Planned Impact

The IDC has a proven track record of delivering impact from its research and training activities and this will continue in the new Centre. The main types of impact relate to: (i) provision of highly skilled EngD graduates; (ii) generation of intellectual property (IP) in support of collaborating companies or for new venture creation; (iii) knowledge exchange to the wider bioprocess-using industries; (iv) benefits to patients in terms of new and more cost effective medicines, and (v) benefits to wider society via involvement in public engagement activities and encouraging future generations of researchers.

With regard to training, the provision of future bioindustry leaders is the primary mission of the IDC and some 97% of previous EngD graduates have progressed to relevant bioindustry careers. These highly skilled individuals help catalyse the development and expansion of private sector innovation and biomanufacturing activity. This is of enormous importance to capitalise on emerging markets and to create new jobs and a skilled labour force to underpin the UK economy.

In terms of IP generation each industry-collaborative EngD project will have direct impact on the industry sponsor in terms of new technology generation and improvements to existing processes or procedures. Where substantial IP is generated this has the potential to lead to spin-out company creation and job creation with wider UK economic benefit. IDC research has already led to creation of two UCL spin-out companies focussed on the emerging field of Synthetic Biology (Synthace) and novel nanofibre adsorbents for improved bioseparations (Puridify). Once arising IP is protected the IDC also provides a route for wider dissemination of project outputs and knowledge exchange available to all UK bioprocess-using companies. This occurs via UCL MBI Training Programme modules which have been attended by more than 1000 individuals from over 250 companies to date.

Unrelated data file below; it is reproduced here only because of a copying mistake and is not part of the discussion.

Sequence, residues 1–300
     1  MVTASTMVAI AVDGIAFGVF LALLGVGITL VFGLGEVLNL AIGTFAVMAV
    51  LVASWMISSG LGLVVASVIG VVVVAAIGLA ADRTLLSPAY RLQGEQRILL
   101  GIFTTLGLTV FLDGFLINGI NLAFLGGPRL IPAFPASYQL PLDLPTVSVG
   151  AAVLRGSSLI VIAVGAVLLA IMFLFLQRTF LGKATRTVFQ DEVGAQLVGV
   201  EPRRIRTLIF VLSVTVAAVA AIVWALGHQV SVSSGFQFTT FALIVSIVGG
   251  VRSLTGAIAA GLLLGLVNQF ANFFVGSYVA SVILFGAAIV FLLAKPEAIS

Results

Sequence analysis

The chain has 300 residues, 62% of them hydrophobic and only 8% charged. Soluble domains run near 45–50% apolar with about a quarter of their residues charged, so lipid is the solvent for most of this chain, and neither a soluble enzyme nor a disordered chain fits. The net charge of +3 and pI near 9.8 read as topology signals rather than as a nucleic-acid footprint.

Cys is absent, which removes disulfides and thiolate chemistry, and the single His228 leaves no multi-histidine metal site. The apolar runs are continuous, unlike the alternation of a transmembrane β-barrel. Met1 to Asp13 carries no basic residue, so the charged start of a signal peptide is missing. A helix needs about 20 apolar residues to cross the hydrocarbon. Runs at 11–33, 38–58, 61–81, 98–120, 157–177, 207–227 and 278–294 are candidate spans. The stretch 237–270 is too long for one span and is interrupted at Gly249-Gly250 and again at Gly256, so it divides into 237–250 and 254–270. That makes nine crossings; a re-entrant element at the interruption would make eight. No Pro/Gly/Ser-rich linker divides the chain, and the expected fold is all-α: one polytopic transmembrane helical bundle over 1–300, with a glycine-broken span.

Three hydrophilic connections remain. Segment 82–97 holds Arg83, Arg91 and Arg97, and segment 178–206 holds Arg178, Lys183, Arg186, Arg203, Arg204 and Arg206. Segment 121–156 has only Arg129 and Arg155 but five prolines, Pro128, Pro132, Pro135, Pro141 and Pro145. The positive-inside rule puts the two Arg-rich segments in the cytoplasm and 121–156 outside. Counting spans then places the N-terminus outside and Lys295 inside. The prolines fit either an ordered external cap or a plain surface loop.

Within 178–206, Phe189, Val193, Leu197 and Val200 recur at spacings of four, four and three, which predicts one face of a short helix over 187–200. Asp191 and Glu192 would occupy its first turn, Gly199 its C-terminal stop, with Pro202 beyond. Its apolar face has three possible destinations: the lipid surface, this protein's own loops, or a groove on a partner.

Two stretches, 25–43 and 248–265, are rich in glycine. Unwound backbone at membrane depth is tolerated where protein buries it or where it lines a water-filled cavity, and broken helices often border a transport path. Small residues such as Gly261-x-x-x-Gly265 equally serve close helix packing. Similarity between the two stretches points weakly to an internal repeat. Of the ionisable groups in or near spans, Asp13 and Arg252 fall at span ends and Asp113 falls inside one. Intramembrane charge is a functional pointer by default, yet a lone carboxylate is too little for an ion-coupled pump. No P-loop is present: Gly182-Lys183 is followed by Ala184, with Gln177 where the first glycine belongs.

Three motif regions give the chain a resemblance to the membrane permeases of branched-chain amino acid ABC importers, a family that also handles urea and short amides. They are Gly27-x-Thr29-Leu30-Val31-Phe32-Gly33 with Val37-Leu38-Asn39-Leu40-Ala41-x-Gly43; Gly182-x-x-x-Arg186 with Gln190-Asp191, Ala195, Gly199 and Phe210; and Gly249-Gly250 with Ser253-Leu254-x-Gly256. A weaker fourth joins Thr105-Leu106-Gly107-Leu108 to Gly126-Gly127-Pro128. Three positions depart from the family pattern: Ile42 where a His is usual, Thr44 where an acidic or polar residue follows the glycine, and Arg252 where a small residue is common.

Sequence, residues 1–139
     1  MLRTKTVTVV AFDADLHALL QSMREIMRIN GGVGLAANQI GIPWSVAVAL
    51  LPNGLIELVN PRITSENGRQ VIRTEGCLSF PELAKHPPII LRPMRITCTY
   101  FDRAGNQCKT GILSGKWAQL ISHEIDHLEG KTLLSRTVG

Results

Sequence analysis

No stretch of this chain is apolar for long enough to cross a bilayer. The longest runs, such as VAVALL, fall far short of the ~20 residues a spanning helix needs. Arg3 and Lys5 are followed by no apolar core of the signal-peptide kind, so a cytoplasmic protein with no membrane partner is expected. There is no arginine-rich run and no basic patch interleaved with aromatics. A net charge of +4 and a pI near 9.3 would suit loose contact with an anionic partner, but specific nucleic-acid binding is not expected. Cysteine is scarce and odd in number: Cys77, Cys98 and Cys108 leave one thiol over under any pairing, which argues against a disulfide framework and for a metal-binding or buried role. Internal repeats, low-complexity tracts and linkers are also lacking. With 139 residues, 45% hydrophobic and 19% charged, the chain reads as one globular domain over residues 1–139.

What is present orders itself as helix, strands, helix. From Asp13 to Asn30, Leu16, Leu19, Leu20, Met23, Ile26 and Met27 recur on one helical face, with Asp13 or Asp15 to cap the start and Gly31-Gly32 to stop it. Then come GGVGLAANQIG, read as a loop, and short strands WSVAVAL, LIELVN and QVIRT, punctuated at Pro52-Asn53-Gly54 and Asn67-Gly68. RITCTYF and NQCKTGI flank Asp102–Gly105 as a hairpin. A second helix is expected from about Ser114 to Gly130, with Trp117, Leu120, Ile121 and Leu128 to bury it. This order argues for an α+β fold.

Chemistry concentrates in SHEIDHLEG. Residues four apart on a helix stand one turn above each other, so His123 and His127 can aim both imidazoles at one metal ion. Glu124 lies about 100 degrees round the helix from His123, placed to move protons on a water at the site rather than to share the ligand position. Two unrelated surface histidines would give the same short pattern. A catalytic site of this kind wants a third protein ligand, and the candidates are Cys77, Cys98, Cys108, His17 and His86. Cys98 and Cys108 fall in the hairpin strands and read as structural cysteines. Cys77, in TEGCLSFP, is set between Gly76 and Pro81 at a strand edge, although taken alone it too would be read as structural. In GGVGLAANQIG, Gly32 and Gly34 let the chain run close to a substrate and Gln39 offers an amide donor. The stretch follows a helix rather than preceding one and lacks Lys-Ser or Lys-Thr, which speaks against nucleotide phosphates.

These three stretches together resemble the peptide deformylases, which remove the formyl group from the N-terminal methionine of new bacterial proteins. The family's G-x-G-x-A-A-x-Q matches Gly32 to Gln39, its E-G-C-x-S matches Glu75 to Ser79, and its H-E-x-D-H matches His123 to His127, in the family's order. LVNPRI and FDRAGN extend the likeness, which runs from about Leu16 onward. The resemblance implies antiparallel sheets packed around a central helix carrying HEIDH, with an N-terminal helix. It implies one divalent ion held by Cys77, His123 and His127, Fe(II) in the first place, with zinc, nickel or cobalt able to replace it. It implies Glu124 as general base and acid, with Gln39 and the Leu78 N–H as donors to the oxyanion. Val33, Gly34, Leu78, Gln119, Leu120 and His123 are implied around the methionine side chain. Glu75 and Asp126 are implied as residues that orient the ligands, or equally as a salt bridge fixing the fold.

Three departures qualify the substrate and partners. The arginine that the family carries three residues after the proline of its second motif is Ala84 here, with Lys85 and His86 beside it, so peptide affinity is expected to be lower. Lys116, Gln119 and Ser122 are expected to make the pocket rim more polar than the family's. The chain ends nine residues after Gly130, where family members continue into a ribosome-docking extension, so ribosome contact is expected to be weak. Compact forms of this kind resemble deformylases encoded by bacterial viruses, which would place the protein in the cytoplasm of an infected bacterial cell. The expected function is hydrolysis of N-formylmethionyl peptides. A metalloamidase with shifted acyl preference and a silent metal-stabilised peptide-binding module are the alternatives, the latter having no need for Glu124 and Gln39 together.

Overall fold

The majority of IDC projects address production of new medicines or process improvements for pharmaceutical or biopharmaceutical manufacture which directly benefit healthcare providers and patients. Examples arising from previous EngD projects have included: engineered enzymes used in the synthesis of a novel pharmaceutical; early stage bioprocess development for a new meningitis vaccine; redevelopment of the bioprocess for manufacture of the UK anthrax vaccine; and establishment of a cGMP process for manufacture of a tissue-engineered trachea (this was subsequently transplanted into a child with airway disease and the EngD researcher was featured preparing the trachea in the BBC's Great Ormond Street series). Each of these examples demonstrates IDC impact on the development of cost-effective new medicines and therapies. These will benefit society and provide new tools for the NHS to meet the changing requirements for 21st Century healthcare provision.

Finally, in terms of wider public engagement and society, the IDC has achieved substantial impact via involvement of staff and researchers in activities with schools (STEMnet, HeadStart courses), presentations at science fairs (Big Bang, Cheltenham), delivery of high profile public lectures (Wellcome Trust, Royal Institution) as well as TV and radio presentations. The next generation of IDC researchers will be increasingly involved in such outreach activities to explain how the potential economic and environmental benefits of Synthetic Biology can be delivered safely and responsibly.